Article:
Areas of application

Areas of application

  • Balancing of an inverted pendulum
  • on an electro-cart has been achieved in 1982 with the BVV-1 system containing up to five 8-bit microprocessors and based on observer techniques [Mei 82; MeD 83]. The development of recursive estimation techniques for this two-degrees-of-freedom (2-d.o.f.) task has been done in 83/84 [Wün 87].


Figure 1: Inverted pendulum

  • 2-D satellite docking with an air cushion vehicle
  • has been the second real-time demonstration of the approach achieved in 1986 with the BVV_1 system [Wün 87]. This reaction-control vehicle had three d.o.f., two translational and one rotational of second order each. The shapes of the docking partners were confined to convex polyhedral ones [Wün 88]


Figure 2: Satellite model

  • Road vehicle guidance
  • has been picked up initially because the step to aero-space vehicles (the proper domain at the Department for Aerospace Engineering (LRT)) was considered to be too much for the beginning. This application domain has been so successful that it allowed to attract by far the major part of research money from industry and ministries over the next 1 ½ decades. A survey may be found in [Dic 95a] containing references to the various fields of applications of computer vision.


Figure 3: VaMP      Figure 4: VaMoRs

  • The field of on-board autonomous landing approaches of aircraft has been selected early as target area for air traffic applications; from 82 to 87 the field has been screened in a first dissertation concentrating on basic formulations and first results in unperturbed environments, all of this confined to numerical simulation with the BVV_2 as real hardware for image sequence processing in the simulation loop [Ebe 87; Dic 88].
From 92 to 97 joint evaluation of inertial measurement data and image sequences allowed to handle on-board autonomous landing approaches even with strong perturbations from winds and gusts; the perception part has been flight-validated in 1991 with a single camera on a two-axis gaze platform in a DO 128 twin turbo-prop aircraft of the University of Braunschweig [ScD 89; DiS 92; Scl 92a; Scl 92b; ScD 92].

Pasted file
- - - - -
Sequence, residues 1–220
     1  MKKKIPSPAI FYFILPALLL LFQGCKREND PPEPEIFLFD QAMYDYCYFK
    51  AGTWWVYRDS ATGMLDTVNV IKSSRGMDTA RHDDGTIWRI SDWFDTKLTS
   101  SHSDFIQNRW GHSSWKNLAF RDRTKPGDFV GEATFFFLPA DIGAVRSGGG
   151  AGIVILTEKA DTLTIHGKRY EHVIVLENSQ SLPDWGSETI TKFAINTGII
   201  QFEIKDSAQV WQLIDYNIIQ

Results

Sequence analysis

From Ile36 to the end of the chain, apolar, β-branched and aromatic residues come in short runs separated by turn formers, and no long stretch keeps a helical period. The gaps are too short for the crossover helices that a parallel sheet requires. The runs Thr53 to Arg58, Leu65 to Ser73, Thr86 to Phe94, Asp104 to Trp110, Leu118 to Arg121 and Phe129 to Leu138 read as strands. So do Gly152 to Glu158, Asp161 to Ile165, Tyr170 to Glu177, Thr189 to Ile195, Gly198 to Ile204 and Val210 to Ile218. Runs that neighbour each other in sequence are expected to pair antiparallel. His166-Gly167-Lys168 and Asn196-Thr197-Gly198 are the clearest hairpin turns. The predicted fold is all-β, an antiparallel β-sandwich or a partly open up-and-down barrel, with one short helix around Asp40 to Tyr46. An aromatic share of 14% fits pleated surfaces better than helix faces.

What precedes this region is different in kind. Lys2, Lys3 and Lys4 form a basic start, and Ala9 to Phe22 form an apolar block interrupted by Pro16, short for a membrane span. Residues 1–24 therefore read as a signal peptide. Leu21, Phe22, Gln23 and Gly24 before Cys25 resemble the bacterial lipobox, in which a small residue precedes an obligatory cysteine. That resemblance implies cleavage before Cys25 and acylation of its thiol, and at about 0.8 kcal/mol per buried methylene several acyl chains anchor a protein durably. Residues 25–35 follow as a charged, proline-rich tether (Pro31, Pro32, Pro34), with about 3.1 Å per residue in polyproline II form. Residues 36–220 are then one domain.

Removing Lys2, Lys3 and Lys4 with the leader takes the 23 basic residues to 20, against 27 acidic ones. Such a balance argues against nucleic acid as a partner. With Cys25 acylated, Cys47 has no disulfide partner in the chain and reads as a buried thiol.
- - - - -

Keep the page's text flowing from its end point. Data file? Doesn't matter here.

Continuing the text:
Figure 5: Do 128

In the following years the approach has been extended to a bifocal active camera arrangement; the image processing hardware base was changed to transputers, and for scene interpretation the scene-tree according to [DDi 97] has been adopted [FüD 98; FWD 98] and a new multi-scale modeling of the runway and nearby taxiways including markers on them has been introduced. Flight experiments for visual perception with the new system took place in 1993 (same aircraft as above) and in 2000 with the VFW 614 twin-jet aircraft ATTAS of DLR, the German Center for Aerospace Research.


Figure 6: ATTAS

  • The same approach with modifications for vehicle dynamics allowed to tackle the problem of landmark navigation for helicopters in nap-of-the-earth flight [WBD 95; Wer 97]. Brief helicopter missions have been performed around the airport of Braunschweig in hardware-in-the-loop real-time simulations with the 3-axes motion simulator (DSB) of UBM/ISF. Road runway markers, taxiways and the helicopter landing spot (letter capital H) had been used by the vision system for most accurate navigation with position errors below 10 cm during the final landing approach.


Figure 7: Bifocal Landmark navigation of a helicopter:
left with mild, right with stronger tele lens

  • Autonomously guided vehicles on the factory floor (AGV's) have been investigated in the early 90ies together with an industrial research company and the Institut fuer Messtechnik (UBM) [Hoc 91;HoD 92; Hoc 94].
  • An unique experiment has been the first grasping of a free floating object in Space in cooperation with DLR-Germany (Prof. Hirzinger) and the Fakultaet fuer Informatik of UBM. The robot arm and the vision sensors have been in a cabin on board Space-Shuttle "Columbia", while all computing devices were located in "mission control" in Oberpfaffenhofen (near Munich). The time delay introduced by data transfer via geostationary satellites and ground cable networks with many computers was about 3 seconds each way. Temporal modeling allowed compensating these time delays varying around 6 seconds [DDi 97; Fag 96; FDD 94].



Figure 8: ROTEX Freeflyer

  • Recognizing humans has been attacked in two areas:

  • In the framework of the "PROMETHEUS"-project a basic study has been performed modeling human motion in traffic situations (standing, walking, running, waving the arm) [Kin 94a, b]. At that time, computing power at affordable cost, volume and power consumption turned out not to be sufficient for real-time solution of this complex subject.
  • The second area was determining gaze and area of attention of a human pilot in the cockpit while flying. In the project "Crew Assistant Military Aircraft" (CAMA, Prof. Onken, ISF), the knowledge based assistant system should know, to which flight display or outside region the pilot is actually paying attention. First results may be found in [ScD 98; Sct 00].


Figure 9: Gaze determination of human eyes